Aruna Sairam

Carnatic Musicians

#26  Postby shriroop » 25 Aug 2009 14:34

Aruna Sairam is one of the top singer in the field of carnatic Music today. One perticular album of her by name 'MAA', a collection of songs on Godess Durga in different Indian languages is one of my favorite Albums. This is released by Music Today. I have a collection of a large number of her Albums and according to me it is worth a collection.

I visit December season at Chennai and last year it was really difficult to fetch a ticker for her concert at Music Academy.

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Re: Aruna Sairam

#27  Postby rshankar » 02 Apr 2010 20:25

And let the comments flow: http://www.hindu.com/fr/2010/04/02/stor ... 210200.htm
Don't be shy! ]:)
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Re: Aruna Sairam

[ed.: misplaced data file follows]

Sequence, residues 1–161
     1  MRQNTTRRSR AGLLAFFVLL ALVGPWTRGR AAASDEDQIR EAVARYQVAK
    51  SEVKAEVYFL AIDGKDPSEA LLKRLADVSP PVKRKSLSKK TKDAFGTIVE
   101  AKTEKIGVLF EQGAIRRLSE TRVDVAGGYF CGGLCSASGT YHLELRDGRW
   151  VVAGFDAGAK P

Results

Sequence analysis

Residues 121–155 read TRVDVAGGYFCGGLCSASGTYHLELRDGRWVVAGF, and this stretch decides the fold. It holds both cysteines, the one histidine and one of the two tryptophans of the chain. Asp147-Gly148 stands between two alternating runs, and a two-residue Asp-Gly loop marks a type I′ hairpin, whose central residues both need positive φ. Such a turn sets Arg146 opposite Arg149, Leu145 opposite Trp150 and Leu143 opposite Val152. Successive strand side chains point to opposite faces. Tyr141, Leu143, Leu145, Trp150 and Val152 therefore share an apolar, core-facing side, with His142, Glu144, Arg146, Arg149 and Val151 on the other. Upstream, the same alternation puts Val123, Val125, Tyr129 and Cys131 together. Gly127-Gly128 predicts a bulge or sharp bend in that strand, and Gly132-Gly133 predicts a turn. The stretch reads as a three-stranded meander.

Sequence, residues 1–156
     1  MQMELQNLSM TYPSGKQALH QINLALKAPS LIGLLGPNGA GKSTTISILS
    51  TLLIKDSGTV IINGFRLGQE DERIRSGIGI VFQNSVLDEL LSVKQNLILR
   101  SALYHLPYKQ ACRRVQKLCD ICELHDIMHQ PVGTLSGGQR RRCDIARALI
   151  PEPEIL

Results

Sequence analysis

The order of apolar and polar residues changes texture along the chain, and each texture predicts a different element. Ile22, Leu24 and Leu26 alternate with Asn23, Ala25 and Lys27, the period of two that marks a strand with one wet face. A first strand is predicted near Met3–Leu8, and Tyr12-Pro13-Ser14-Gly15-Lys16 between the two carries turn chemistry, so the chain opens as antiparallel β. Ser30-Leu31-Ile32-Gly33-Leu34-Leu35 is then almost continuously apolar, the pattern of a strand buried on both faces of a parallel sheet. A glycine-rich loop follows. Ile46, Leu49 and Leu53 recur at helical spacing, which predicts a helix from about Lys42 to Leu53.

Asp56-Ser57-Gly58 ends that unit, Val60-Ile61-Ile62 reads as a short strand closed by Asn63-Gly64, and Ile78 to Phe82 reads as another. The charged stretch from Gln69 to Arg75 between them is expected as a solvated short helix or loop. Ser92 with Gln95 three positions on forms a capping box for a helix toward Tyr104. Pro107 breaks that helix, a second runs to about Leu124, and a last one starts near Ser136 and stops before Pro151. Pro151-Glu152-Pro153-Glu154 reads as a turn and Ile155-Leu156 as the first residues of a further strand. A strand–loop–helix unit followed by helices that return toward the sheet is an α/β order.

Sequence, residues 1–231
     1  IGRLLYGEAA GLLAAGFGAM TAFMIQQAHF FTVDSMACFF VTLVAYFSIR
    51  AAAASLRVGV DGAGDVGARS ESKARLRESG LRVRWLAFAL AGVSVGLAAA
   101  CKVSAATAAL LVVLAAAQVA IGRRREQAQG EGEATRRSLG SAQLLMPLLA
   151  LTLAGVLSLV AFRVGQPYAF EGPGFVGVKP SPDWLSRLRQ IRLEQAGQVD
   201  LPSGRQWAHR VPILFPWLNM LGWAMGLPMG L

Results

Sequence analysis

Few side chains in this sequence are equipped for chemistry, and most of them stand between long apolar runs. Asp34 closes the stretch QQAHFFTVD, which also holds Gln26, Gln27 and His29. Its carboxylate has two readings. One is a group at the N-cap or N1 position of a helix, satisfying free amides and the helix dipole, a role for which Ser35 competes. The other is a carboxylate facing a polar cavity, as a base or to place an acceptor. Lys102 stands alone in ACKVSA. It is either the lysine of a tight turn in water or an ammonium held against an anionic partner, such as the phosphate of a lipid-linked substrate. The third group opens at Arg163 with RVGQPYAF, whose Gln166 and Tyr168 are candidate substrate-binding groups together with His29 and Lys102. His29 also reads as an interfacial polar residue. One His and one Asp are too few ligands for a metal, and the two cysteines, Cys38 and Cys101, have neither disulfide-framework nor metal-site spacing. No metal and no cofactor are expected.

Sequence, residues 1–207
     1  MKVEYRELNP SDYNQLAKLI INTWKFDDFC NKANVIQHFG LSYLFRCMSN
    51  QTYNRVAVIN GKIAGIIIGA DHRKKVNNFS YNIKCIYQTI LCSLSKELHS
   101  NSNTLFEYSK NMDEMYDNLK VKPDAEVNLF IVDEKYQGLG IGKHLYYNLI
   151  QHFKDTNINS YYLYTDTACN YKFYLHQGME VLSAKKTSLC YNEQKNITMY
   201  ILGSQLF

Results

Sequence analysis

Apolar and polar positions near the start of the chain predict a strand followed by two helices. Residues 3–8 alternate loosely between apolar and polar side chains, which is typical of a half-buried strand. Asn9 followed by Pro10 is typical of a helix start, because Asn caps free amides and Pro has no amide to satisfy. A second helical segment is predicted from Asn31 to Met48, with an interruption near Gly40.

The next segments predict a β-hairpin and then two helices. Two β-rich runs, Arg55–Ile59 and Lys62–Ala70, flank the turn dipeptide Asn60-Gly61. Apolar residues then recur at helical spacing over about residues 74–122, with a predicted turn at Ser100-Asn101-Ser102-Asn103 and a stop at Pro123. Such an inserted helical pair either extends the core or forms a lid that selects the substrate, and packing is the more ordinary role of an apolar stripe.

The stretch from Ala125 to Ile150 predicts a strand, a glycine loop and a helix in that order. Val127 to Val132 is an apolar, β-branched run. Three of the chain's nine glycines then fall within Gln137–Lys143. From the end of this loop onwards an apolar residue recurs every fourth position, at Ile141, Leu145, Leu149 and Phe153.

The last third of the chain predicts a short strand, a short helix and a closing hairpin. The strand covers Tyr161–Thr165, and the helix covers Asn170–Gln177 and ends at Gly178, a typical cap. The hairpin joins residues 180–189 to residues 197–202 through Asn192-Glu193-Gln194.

#28  Postby bilahari » 02 Apr 2010 20:29

OH GOD.
"The integrity of the music", they say?!
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Re: Aruna Sairam

#29  Postby semmu86 » 03 Apr 2010 11:11

OH NO ..
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Re: Aruna Sairam

#30  Postby VK RAMAN » 04 Apr 2010 01:34

United in diversity - a core principle in Dakshin sampradaya bhajan - has been well represented in this concert.
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Re: Aruna Sairam

#31  Postby arasi » 04 Apr 2010 09:21

Ravi,
A tough one for me. I have mixed feelings about this.
Aruna Sairam's singing for a cause--nothing less than for senior care makes me feel that:
She is an artiste who cares about seniors.
Singing in different languages is a good thing. Speaks of national unity.
The more they sell tickets, the more the cause benefits. She is a good draw at the box office and that is great.
Such high-priced tickets? Again, a good thing. Many who could afford them bought them and it was good for the cause. Did all the rich people who bought them attend the concert? Some did not, but they did'nt mind or better still, gave them to those who like her music but could not afford the tickets.